Perhaps we need to clarify what we understand by CSR in Construction?
Whether we mean Corporate Social Responsibility, Corporate Sustainable Responsibility or even Carbon Social Responsibility is somewhat irrelevant and I am comfortable with all definitions. What is important of course is how we approach, manage and embed CSR within the organisation.
Probably one of the least effective CSR approaches would be one that is scattergun, uncoordinated and of a tick box nature to enable us just to tick the CSR box for bids, company literature and websites.
CSR starts with understanding the organisations impact, on social, sustainability, education, employment, on the planet, on communities and more. Once that impact is understood, measures can be planned and implemented to minimise or eliminate those impacts. CSR needs real commitment to integrate responsible practices into daily organisational operations to address impact.
CSR, as I recently quoted on twitter it is about striving for zero impact and a closed loop system that addresses resources used.
Sources of CSR inspiration I suggest delegates on my CSR events and workshops check out, as they have significance within construction, include
Yvon Chouinard and the essential reading: Let My People Go Surfing: The Education of a Reluctant Businessman (http://amzn.to/otp3vT) that includes a chapter on how Patagonia as client extends it’s CSR and environmental values to construction projects.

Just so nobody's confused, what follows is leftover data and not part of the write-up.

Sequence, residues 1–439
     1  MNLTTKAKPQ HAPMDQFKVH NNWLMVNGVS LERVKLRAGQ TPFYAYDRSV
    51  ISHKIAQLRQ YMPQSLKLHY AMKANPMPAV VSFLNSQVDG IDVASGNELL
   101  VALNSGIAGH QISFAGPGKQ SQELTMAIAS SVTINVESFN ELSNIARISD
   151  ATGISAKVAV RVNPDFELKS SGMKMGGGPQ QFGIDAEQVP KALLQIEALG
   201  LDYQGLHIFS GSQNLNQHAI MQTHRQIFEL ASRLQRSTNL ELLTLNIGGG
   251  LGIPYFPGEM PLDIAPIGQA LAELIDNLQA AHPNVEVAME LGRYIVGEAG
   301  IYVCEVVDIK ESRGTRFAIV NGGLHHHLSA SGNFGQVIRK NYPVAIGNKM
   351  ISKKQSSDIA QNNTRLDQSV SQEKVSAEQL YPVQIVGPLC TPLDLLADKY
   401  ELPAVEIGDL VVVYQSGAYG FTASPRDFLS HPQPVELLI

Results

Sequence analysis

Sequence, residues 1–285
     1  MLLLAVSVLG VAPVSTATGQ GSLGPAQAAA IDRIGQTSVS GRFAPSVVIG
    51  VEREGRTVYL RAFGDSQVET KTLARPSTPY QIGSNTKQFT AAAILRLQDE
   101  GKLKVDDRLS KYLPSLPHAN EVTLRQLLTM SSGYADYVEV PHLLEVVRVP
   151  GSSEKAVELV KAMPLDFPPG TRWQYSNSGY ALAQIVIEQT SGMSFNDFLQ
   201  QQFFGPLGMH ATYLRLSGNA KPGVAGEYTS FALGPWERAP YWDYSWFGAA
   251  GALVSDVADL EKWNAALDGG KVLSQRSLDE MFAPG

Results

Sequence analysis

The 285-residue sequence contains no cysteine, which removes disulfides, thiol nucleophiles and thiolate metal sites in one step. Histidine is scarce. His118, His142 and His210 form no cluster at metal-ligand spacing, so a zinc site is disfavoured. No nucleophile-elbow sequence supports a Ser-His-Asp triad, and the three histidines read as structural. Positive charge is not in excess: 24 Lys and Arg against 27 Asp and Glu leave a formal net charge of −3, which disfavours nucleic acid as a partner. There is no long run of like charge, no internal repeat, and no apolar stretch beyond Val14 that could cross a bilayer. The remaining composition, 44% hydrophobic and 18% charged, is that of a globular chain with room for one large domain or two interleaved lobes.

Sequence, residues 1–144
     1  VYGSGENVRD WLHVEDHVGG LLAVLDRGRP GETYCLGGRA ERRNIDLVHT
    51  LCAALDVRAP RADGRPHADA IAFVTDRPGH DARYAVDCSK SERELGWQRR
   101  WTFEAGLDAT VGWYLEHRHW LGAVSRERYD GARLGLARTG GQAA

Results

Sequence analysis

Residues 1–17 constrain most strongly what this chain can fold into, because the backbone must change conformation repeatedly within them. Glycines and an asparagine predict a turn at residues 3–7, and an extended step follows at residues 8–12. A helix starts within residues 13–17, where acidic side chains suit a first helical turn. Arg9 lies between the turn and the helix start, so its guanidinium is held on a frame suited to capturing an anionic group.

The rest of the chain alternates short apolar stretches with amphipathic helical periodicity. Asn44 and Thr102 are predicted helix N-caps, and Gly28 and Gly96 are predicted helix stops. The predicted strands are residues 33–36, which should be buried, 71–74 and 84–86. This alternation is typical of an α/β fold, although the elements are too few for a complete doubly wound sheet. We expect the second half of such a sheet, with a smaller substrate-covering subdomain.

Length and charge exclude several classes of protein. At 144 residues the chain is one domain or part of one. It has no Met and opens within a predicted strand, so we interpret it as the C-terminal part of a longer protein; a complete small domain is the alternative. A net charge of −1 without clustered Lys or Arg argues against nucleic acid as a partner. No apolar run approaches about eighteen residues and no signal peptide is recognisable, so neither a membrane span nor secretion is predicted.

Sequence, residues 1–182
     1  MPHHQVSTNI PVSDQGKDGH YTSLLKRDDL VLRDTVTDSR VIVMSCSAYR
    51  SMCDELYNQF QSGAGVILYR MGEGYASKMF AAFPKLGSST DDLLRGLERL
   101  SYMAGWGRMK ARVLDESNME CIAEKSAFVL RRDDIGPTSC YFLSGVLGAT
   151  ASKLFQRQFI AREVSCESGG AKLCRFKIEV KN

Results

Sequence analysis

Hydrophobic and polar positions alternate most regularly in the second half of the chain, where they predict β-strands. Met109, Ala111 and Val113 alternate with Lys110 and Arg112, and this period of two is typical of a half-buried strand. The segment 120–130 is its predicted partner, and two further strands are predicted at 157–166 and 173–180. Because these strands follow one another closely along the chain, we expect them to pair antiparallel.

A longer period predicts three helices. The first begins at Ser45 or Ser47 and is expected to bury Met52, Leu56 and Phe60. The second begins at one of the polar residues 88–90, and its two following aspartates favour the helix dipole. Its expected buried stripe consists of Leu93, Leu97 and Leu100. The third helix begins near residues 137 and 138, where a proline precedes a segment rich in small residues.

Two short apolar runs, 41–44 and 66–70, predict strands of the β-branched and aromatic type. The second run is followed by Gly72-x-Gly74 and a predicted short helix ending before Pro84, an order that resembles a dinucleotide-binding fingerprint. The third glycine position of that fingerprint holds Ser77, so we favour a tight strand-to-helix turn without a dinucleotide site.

Secondly the late Ray Anderson, (Interface Flooring) probably the most influential CSR and Sustainability thinker in the built environment. His Mount Sustainability and Zero Mission thinking has inspired many. Check out Confessions of a Radical Industrialist: How Interface proved that you can build a successful business without destroying the planet (http://amzn.to/r00VAJ)
A recent article written for CSRWire explored the link between CSR, carbon management and localism within construction and FM which fired an interesting debate on a possible new thinking for CSR – Carbon Social Resposnibility
I await to see who will be the first construction organisation in the UK to become members of what I view as the best commitment possible to CSR – the 1% for the Planet movement. That’s one percent of turnover going to offset the impact your organisation may have on the environment. Commitment yes, but perhaps just a fraction of the cost of really addressing construction impact.
(This post was written in connection with the linkedin CSR in Construction group)